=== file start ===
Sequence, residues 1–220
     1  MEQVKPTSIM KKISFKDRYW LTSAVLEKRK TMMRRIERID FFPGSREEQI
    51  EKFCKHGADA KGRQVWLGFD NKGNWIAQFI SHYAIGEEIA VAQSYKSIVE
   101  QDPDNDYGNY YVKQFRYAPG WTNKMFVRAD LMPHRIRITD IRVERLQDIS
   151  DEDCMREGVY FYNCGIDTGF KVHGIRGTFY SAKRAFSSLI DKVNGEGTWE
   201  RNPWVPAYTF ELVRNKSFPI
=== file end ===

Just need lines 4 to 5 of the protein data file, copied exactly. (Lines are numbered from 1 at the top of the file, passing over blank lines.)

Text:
   101  QDPDNDYGNY YVKQFRYAPG WTNKMFVRAD LMPHRIRITD IRVERLQDIS
   151  DEDCMREGVY FYNCGIDTGF KVHGIRGTFY SAKRAFSSLI DKVNGEGTWE